When a city-funded review of the Madison Police Department was published in December, the work toward police reform had taken its first step.
Last week, the department and the city attorney released their official response to the study, furthering the process even more.
But now, the work toward reform is in the hands of city officials and committee leaders tasked with reviewing the department.
At the forefront of this discussion is the city’s Madison Police Department Policy and Procedure Review Ad Hoc Committee, a group of Madison residents who will decide how to move forward in light of the report’s recommendations.
Matthew Braunginn, a member of that committee, says he believes improving accountability is a major place of improvement.
“One of the biggest issues is how do we hold officers accountable especially when our laws give a lot of leeways to officer discretion,” said Braunginn, who is also a senior associate at the Center on Wisconsin Strategy with the Mayor’s Innovation Project and a co-founder of the Young, Gifted and Black Coalition.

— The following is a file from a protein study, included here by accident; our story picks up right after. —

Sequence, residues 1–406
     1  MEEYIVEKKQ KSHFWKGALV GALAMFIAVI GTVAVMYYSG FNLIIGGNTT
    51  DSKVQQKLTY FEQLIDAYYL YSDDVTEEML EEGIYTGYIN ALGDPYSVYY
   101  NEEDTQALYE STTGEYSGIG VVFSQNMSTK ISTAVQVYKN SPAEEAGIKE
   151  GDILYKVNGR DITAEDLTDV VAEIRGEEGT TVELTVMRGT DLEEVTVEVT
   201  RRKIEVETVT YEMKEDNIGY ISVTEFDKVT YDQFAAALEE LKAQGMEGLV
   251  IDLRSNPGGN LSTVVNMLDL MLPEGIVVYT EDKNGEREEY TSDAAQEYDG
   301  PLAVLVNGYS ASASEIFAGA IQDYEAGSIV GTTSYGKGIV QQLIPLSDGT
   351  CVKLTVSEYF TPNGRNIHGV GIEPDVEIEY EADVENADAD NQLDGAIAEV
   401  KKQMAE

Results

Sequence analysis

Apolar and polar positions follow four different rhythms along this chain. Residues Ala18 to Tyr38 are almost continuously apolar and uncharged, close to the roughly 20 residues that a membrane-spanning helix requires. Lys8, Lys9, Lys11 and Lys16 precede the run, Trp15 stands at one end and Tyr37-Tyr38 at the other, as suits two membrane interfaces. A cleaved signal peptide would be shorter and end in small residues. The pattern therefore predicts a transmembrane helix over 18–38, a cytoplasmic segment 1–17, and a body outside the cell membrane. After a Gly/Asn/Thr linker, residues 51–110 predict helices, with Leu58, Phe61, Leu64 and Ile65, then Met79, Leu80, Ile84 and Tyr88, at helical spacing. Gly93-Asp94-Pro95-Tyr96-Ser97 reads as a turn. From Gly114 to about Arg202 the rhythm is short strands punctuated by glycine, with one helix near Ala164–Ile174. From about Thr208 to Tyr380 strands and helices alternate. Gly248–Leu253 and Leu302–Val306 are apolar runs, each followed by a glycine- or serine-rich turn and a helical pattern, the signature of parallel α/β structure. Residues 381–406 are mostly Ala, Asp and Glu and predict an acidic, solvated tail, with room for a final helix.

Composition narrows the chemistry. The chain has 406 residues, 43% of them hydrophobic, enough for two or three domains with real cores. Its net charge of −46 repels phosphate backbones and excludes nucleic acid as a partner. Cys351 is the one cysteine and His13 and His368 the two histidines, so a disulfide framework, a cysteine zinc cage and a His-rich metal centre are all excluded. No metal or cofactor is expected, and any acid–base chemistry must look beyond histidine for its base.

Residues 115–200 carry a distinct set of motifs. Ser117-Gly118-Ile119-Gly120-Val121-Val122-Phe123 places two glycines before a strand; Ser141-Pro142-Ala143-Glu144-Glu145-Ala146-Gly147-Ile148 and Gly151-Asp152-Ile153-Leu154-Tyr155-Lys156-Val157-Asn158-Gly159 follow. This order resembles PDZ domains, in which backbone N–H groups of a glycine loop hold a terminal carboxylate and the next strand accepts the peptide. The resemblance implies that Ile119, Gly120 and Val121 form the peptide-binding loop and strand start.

A notable recommendation by the report was the need for the department to have an independent auditor’s office that reported to a citizen review body. In their response, the department noted the body would come at a cost to the city and advised it be free of political influence.
Braunginn said that asking for more resources has never been a previous worry to the department, saying the department’s budget has never been cut.
“To me it’s completely hypocritical to put cost as a concern when MPD doesn’t put cost as a concern for its own budget,” he said.
MPD Chief Michael Koval said his department is open to the idea but it would be odd if the money came from his budget.
“I can’t fund that, nor should I. It just does not have a good optic look that I’m funding an independent arbiter,” Koval told The Daily Cardinal.
Where Koval said he’d like to make strides immediately would be in improving police engagement but noted “that requires more bodies.” Mayor Paul Soglin agreed real engagement requires time but doesn’t know where those additional cops would come from.
“If you take the number officers just out on the streets doing routine work on any given day, we’re pretty well, as thin as we ought to be,” Soglin said in an interview.
Moving forward, Braunginn said there is significant work ahead to sift through the recommendations centered around dialogue and community involvement.
“This is going to be far from a rubber stamp,” he said. “I’m sure every single person on the committee doesn’t agree with everything in the OIR report as far as recommendations moving forward for various reasons.”
Braunginn acknowledged that between discussions within the committee and the eventual discussions among city alders, the road ahead is messy.
“We want to get this right,” he said. “We’re not here to rush through the process just to put out recommendations. We want to put something out that’s doable at the same time.”